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US: Israeli Bullet Likely Killed Palestinian-American Journalist, Ballistic Analysis Inconclusive

In this undated photo provided by Al Jazeera Media Network, Shireen Abu Akleh, a journalist for Al Jazeera network, stands in Jerusalem. (Al Jazeera Media Network via AP)
In this undated photo provided by Al Jazeera Media Network, Shireen Abu Akleh, a journalist for Al Jazeera network, stands in Jerusalem. (Al Jazeera Media Network via AP)

JERUSALEM, Israel – The bullet that killed well-known Palestinian-American journalist Shireen Abu Akleh in May likely originated from errant Israeli gunfire, although an independent ballistic analysis could not say for sure, the United States said on Monday.

The State Department issued a statement saying American officials oversaw “an extremely detailed forensic analysis” on the bullet that was ultimately inconclusive.

“Ballistic experts determined the bullet was badly damaged, which prevented a clear conclusion,” State Department spokesperson Ned Price said.

American officials were also “granted full access to both Israel Defense Forces (IDF) and Palestinian Authority (PA) investigations over the last several weeks. By summarizing both investigations, the (US Security Coordinator) concluded that gunfire from IDF positions was likely responsible for the death of Shireen Abu Akleh. The USSC found no reason to believe that this was intentional but rather the result of tragic circumstances during an IDF-led military operation against factions of Palestinian Islamic Jihad on May 11, 2022, in Jenin, which followed a series of terrorist attacks in Israel,” the statement continued.

Abu Akleh, a Christian, was killed during an Israeli counterterrorism raid in the West Bank. Her death set off international backlash and finger-pointing among Israelis and Palestinians over who was responsible.

Witnesses and Palestinian officials say Israeli troops deliberately targeted Abu Akleh while she was reporting on the raid. Israel said she was killed during a shootout with Palestinian terrorists and called the accusation that its forces intentionally killed Abu Akleh a “blatant lie.”

Initially, Israel blamed Palestinian terrorists for her death, then said it was possible one of its soldiers unintentionally shot her. Israel identified a soldier’s rifle that could have killed Abu Akleh but said it was impossible to determine who killed her without the matching bullet.

For months, the Palestinian Authority refused to release the bullet from its custody and rejected calls for a joint investigation into her death. The Palestinians don’t trust Israel to investigate its own forces and worry Israel would falsify facts. Likewise, Israel doesn’t trust the Palestinians to conduct a fair and independent investigation.

The Palestinians made an about-face this weekend when they handed over the bullet to American officials for ballistic analysis. The Palestinians said US experts would examine the bullet. However, Israel’s military said although the bullet remained in US custody during the entire process, Israeli officials examined it. 

The Palestinian Authority criticized the United States’ conclusion that the bullet was too damaged to definitively say Israeli forces shot Abu Akleh.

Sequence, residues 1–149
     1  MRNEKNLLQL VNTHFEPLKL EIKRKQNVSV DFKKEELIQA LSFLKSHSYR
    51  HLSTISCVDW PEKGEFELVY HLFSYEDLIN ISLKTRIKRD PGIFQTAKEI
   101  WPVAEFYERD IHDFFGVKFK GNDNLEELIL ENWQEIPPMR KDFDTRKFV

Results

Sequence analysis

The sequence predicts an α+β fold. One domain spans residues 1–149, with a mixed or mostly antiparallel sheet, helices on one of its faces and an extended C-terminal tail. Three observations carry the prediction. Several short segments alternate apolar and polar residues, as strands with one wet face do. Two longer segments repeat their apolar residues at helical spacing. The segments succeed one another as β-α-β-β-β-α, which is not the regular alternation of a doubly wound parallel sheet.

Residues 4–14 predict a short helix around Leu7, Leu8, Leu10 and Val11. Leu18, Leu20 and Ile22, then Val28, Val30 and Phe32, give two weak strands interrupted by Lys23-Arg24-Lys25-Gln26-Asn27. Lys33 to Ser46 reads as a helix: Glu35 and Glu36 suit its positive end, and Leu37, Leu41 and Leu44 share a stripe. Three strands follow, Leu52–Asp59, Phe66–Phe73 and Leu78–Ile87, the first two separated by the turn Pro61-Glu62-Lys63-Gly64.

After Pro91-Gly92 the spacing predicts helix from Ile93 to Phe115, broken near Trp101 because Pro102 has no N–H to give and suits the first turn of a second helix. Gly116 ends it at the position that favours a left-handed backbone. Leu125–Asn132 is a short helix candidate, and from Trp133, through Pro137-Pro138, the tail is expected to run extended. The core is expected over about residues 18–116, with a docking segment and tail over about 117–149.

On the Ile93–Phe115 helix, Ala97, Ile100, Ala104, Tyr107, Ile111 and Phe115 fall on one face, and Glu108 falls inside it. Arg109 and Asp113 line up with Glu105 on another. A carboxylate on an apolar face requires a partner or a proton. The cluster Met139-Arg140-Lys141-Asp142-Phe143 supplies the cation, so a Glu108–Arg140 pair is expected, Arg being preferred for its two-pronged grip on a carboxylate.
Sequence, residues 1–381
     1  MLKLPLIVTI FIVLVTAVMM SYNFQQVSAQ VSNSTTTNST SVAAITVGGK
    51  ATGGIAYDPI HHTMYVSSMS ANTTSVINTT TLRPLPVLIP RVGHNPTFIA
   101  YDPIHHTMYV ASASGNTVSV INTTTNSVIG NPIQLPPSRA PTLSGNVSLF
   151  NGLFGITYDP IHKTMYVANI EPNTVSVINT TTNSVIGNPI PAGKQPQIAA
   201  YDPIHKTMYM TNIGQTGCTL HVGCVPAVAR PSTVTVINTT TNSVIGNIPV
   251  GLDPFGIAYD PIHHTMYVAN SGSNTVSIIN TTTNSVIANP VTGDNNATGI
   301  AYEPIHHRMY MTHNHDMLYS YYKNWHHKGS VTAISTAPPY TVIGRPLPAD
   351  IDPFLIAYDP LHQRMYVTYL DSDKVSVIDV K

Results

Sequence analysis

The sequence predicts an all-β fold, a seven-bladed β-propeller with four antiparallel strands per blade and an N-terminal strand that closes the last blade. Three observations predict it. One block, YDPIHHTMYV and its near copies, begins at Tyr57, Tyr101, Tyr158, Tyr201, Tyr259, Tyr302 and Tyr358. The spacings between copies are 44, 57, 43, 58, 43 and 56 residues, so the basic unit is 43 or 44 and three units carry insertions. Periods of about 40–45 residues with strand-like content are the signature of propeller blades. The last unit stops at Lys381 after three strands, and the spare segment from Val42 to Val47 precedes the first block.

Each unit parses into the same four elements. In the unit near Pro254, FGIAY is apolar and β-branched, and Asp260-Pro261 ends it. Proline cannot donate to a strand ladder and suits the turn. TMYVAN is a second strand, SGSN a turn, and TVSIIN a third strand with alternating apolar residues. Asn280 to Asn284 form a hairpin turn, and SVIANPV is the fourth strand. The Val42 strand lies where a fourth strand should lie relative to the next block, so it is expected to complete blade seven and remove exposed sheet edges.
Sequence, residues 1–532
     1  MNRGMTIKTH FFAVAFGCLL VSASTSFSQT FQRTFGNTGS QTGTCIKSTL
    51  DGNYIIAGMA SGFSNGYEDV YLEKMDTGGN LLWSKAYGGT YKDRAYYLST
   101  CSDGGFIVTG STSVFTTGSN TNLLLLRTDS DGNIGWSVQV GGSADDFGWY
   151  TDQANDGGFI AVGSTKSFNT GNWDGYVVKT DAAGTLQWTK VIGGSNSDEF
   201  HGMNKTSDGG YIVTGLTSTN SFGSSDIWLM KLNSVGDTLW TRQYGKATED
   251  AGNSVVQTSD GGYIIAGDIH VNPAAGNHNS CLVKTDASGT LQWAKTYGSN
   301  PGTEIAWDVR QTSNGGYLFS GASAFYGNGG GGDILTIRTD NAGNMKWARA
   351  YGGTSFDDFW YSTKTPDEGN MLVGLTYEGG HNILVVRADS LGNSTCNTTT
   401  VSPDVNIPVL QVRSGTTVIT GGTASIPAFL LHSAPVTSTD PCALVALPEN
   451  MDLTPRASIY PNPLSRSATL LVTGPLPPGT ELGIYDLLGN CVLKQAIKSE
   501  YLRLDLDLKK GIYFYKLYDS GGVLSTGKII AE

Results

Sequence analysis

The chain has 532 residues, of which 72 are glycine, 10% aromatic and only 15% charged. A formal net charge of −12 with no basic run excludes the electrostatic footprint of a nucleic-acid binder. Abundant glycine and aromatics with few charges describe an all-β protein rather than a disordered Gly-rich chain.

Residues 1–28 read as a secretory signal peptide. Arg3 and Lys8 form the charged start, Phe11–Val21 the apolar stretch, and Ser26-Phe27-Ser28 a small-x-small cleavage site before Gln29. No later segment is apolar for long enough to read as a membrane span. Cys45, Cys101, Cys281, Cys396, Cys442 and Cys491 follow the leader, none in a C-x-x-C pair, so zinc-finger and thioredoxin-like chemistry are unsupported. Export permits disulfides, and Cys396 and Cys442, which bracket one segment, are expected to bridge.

“We were surprised by these statements. The technical data in our possession indicates that the condition of the shell is viable for matching with the firearm [that shot it],” PA Public Prosecutor Akram al-Khatib said in a statement.

Palestinian officials also rejected Washington’s conclusion that Israeli forces likely unintentionally shot Abu Akleh.

Abu Akleh's family said in a statement that the US announcement was “insulting to Shireen’s memory.”

“All available evidence suggests that a US citizen was the subject of an extrajudicial killing by a foreign government that receives billions of dollars in American military aid each year to perpetuate a prolonged and entrenched military occupation of millions of Palestinians,” they said.

Abu Akleh's former employer, Al Jazeera, also rejected the results of the analysis.

“This bullet is not the only evidence of the crime. There are six different investigations, and witness testimony, and videos,” said Walid al-Omari, Abu Akleh’s former boss at Al Jazeera.

Israeli Prime Minister Yair Lapid released a statement emphasizing that the Israel Defense Forces probe could not determine who killed her.

“The IDF investigation was unable to determine who is responsible for the tragic death of journalist Shireen Abu Akleh, but it was able to determine conclusively that there was no intention to harm her.

He did not address the US conclusion that an Israeli bullet likely ended her life. 

The Times of Israel reports that behind closed doors, Israel is frustrated with the State Department’s findings. The Times cited two unnamed officials familiar with the matter who said Jerusalem did not appreciate that the US believes the lethal bullet likely came from Israeli troops, given that that ballistic analysis was inconclusive.

Defense Minister Benny Gantz’s statement said Palestinian gunmen operating “from within population centers” in the Jenin refugee camp where Abu Akleh was killed were ultimately responsible.

Israel Defense Forces Chief of Staff Aviv Kohavi instructed the military to continue to investigate “using all means at our disposal and with a commitment to transparency and seeking the truth,” an army spokesperson said.

Any decision to open a criminal probe will be made after the IDF completes its investigation, the military said.

Meanwhile, Palestinian officials say they will continue pursuing Abu Akleh’s case before the international courts.

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